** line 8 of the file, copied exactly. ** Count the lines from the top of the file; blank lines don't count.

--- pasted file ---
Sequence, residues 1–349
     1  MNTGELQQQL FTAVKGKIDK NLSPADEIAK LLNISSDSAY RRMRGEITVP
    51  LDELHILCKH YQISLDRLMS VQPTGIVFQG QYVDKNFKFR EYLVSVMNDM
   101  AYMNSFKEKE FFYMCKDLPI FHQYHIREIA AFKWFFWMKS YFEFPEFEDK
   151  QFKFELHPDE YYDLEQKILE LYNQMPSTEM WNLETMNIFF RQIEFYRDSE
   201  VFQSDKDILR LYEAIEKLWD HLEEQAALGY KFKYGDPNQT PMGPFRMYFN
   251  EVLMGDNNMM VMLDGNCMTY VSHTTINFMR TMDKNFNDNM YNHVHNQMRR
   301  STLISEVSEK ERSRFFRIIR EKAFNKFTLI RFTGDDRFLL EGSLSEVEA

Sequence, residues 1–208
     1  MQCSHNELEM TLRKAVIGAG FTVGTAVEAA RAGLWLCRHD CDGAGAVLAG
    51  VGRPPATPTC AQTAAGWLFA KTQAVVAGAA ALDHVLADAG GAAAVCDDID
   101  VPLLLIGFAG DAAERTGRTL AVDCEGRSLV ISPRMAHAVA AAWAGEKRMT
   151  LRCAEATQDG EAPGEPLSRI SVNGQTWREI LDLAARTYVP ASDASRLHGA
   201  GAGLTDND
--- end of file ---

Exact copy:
   301  STLISEVSEK ERSRFFRIIR EKAFNKFTLI RFTGDDRFLL EGSLSEVEA